The public will have another chance to have their say on controversial proposals to build more than 130 homes in an Aberdeenshire coastal village.
The Barratt North Scotland scheme would consist of 123 houses and eight flats on moorland between Cairnhill Drive and Park Place in Newtonhill.
Since the plans were first submitted at the beginning of the summer there has been a groundswell of opposition to the development.
There have been more than 300 objections on Aberdeenshire Council’s website with an online petition also garnering a similar number of signatures.
Opponents to the scheme have argued that local roads and amenites, such as schools, would struggle to cope with two major developments, with Chapelton just a mile away.
There have also been concerns raised that the development would be built on a popular spot for dog walkers and others.
The deadline for objections passed last month, however the developers have now amended their proposals meaning there is a revised closing date later this month.
Barratt has attempted to address some of the concerns expressed by objectors in a revised planning statement.
In it, the firm rejects the argument that the nearby Chapelton development negates the need for any new housing in the area.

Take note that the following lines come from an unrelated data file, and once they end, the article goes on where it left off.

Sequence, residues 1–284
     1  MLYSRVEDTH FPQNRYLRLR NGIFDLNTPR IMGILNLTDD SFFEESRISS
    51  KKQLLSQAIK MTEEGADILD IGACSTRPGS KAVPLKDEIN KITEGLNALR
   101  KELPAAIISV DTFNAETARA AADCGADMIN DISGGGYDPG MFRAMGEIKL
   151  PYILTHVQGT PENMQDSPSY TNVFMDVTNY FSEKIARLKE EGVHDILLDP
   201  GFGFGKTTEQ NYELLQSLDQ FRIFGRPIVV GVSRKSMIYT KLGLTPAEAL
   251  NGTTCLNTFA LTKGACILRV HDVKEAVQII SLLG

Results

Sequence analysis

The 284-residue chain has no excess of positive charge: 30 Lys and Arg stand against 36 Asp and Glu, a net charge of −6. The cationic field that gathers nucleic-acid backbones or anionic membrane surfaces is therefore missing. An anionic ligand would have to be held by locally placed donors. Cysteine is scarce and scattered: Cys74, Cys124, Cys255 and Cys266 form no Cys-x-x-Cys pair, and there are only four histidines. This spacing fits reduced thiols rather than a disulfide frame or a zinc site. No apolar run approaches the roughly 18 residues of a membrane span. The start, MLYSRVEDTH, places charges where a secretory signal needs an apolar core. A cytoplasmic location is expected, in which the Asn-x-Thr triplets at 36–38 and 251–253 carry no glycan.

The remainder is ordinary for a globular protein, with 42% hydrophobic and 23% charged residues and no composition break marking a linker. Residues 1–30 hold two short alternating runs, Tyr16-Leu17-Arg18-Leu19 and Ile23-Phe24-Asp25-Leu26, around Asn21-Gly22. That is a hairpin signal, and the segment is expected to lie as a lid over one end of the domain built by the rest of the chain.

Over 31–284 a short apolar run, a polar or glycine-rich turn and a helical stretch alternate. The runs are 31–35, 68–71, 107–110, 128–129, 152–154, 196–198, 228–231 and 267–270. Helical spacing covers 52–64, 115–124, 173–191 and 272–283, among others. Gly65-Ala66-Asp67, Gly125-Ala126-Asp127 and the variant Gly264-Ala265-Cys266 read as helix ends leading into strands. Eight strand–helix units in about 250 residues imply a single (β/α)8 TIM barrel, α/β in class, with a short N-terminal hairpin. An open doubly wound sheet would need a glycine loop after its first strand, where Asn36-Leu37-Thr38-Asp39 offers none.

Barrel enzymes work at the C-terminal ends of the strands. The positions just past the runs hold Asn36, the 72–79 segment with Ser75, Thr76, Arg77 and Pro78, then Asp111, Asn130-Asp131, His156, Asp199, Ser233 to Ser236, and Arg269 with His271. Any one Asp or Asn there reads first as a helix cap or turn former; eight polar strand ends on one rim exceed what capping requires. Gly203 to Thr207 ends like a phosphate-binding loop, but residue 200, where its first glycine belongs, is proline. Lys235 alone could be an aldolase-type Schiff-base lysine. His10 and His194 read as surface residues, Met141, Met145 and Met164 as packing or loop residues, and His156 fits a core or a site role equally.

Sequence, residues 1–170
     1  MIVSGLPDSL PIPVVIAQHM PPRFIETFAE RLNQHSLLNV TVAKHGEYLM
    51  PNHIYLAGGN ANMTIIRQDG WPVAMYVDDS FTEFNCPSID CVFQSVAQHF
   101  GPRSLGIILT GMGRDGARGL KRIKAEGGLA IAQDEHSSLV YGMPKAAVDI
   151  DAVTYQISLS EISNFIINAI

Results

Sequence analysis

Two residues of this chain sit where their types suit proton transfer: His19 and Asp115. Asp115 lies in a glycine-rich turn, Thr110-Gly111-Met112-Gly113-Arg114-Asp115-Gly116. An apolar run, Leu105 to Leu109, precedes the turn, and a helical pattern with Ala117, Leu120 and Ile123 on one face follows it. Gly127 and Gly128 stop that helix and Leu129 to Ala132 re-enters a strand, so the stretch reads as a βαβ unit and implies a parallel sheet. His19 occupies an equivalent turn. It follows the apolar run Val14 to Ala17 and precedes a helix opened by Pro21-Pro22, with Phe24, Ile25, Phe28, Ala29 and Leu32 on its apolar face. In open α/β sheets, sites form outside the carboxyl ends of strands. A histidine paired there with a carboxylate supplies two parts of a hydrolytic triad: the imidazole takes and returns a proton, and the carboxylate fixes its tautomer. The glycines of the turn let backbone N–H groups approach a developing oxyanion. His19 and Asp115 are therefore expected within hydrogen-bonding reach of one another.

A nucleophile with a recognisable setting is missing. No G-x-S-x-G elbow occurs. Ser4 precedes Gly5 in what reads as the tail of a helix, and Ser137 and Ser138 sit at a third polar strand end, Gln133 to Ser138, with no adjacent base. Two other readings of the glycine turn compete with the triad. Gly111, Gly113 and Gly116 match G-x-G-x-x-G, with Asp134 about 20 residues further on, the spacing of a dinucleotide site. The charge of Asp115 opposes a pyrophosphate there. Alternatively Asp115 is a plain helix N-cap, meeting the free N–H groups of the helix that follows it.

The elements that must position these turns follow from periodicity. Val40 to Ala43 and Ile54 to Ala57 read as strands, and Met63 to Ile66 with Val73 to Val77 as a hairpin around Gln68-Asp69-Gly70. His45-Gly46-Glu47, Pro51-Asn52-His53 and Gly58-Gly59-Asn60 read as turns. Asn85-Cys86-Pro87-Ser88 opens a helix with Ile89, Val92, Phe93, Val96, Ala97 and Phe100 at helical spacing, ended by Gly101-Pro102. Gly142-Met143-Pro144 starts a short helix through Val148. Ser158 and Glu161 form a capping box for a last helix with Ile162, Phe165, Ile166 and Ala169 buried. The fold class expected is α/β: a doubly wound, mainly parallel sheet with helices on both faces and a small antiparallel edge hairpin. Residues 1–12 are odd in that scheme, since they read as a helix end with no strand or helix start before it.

The report claims there are “significant housing supply” needs – affordable and otherwise – in the region as there were 162 dwellings built in Kincardine and Mearns last year, the lowest number since 2007.
In the statement the developer also refutes claims that the plans breach the terms of the local development plan.
The impact on the surrounding landscape would be mostly minimal and any issues could be resolved, the report states.
Barratt has also said concerns about education and transport from the public are unfounded, with the 2016 school roll forecast showing there will be capacity at both the village primary and Portlethen Academy.
The report dismisses an allegation by some that there was a “secret sale” of the land from the authority to the developer in 2016.
And the developer rejects the claim of some of the objectors that the land was gifted to the village for community use.
In the report, the company states there is no official record of this ever taking place.
The deadline for responses is now August 31.